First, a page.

In his analysis of communication, culture, and ethics, Hall explains that understanding communication and how it relates to the norms and values makes up the ethical system. An intercultural connection may be created through ethical communication and dialogue. It is how we chose to communicate what transforms our identities.
In chapter 12 of Intercultural and Multicultural Communication, Johannesen seeks transcultural ethics based on universal rather than religious principles. He gives an example of Dalai Lama’s ethical approach where a human can live an ethical life without religion or religious faith. Ethical virtues such as love, compassion, patience, tolerance, forgiveness, contentment, sense of responsibility are not religious principles but essential qualities of human spirit and would counteract lying, racism, or any malicious intent.
The many ethical virtues act as common values within intercultural communication. I would go further and define religion as not an ethic but a culture which is problematic for intercultural communication due to Hall’s reason 3) Issues of ethics and culture are tied to the issues of identity and affect us personally and emotionally. However, religions, as mentioned by Murphy do contribute to the definitions of virtues.
In Character and Virtue Ethics in International Marketing: An Agenda for Managers, Researchers and Educators Murphy’s conclusion on five core virtues (integrity, fairness, trust, respect, and empathy) for global marketing provides an argument that each virtue will only grow powerful as long as it is practiced and not just talked about. In his examples, Murphy provides subtle differences between organizational leadership and how they define the most important virtues, which suggests it is not the difference but rather the level of importance.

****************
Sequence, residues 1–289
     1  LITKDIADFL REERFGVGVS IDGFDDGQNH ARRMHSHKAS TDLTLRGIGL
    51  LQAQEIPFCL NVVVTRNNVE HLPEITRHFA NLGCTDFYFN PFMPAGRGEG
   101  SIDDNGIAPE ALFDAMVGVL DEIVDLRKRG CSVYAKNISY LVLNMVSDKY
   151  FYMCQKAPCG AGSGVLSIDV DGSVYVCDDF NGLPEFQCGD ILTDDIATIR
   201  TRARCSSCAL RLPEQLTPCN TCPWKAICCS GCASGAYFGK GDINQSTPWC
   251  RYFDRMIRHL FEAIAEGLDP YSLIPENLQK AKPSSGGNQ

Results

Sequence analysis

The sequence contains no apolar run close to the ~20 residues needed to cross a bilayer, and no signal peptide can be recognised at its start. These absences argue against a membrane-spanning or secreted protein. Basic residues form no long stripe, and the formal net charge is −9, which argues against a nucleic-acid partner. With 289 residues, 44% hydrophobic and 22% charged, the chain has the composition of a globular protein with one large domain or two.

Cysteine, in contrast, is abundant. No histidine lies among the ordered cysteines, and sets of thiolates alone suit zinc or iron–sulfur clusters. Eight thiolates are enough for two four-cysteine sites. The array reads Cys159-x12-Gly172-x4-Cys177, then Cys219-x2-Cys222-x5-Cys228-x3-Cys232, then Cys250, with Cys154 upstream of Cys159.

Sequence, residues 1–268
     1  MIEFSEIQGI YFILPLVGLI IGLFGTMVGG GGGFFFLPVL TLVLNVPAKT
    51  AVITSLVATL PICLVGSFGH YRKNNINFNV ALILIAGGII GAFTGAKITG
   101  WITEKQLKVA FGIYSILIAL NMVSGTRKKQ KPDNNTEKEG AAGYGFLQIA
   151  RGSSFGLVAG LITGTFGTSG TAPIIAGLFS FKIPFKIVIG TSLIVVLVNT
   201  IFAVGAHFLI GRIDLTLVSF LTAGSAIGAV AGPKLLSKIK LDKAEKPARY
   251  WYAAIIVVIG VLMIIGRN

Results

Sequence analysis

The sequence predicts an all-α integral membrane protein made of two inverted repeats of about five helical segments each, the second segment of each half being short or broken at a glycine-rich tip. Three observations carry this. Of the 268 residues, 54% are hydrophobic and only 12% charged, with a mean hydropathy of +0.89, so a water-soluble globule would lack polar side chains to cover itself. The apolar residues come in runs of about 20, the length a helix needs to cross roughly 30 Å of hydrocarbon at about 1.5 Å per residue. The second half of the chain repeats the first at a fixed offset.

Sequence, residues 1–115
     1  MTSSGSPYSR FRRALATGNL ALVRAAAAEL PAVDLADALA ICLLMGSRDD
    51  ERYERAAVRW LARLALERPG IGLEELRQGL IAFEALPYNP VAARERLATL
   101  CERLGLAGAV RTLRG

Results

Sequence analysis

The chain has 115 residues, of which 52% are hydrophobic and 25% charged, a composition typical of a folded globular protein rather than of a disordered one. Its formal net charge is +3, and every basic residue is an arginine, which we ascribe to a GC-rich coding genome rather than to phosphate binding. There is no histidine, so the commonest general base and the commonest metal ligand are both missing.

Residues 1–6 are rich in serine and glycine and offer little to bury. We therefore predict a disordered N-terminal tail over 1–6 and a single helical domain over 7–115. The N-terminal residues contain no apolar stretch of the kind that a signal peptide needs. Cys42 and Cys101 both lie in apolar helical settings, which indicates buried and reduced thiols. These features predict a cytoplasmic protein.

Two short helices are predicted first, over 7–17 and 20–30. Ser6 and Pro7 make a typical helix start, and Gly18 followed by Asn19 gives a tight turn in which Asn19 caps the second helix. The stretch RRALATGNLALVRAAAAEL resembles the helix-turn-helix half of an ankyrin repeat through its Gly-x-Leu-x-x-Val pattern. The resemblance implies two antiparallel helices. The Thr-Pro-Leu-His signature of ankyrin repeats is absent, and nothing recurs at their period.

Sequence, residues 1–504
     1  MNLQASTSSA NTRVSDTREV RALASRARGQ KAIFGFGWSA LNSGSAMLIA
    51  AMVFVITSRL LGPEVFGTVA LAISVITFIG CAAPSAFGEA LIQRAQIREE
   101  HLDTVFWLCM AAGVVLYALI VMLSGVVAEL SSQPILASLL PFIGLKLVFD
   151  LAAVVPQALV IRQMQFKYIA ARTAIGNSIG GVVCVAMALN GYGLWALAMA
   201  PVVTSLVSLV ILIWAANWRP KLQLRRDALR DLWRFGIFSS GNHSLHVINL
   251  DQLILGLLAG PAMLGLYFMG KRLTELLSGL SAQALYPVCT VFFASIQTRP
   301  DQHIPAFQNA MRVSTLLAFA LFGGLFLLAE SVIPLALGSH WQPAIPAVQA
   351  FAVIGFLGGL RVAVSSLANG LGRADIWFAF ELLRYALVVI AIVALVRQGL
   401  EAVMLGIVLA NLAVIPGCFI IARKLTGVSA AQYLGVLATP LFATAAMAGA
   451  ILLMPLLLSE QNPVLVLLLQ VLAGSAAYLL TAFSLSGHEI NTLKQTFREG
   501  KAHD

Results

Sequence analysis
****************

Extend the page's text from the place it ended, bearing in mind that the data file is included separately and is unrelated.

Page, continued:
I tend to agree with the notion that virtue ethics would dominate the future global marketing and more or less through globalization, social media and interconnectedness of people may indeed provide a universal set of basic values that transcends the cultures.
Timeless values (virtues) that would apply across culture and era. In the last part of chapter 12, communication about ethics across cultural differences Deni Elliot lists five principles of cross-cultural communication ethics. These principles embody within themselves the bigger good, promote cooperation, respect individualism, defines the good and the bad, promotes cultural diversity, and values opinions of those who may not have the voice loud enough. Most importantly these principles are applicable not only to the growth of individual ethics but to the growth of organizational values as well:
- 1 Recognize needs and interests held in common
- 2 Recognize and agree on what is considered to be intolerable
- 3 Value diversity over conformity
- 4 Listen to and value nondominant culture (respect minorities)
- 5 When the needs cannot be met, favor the most vulnerable
Johannesen, R. L., Valde, K. S., & Whedbee, K. E. (2008). Ethics in human communication. Long Grove, IL: Waveland Press.
Rachels, J., & Rachels, S. (2014). The Elements of Moral Philosophy (8th ed.). McGraw-Hill Humanities Social.
Bradford J. Hall, “Culture, Ethics, and Communication,” in Fred L. Casmir, ed., Ethics in Intercultural and International Communication (Mahwah, NJ: Erlbaum, 1997), pp.11-42.
Zaharna, R.S., “Intercultural communication and international public relations: Exploring parallels,” Communication Quarterly, v. 48 no1 (Winter 2000) p. 85-100
Murphy, Patrick E., “Character and Virtue Ethics in International Marketing: An Agenda for Managers, Researchers and Educators,” Journal of Business Ethics 18 (1999): 107-124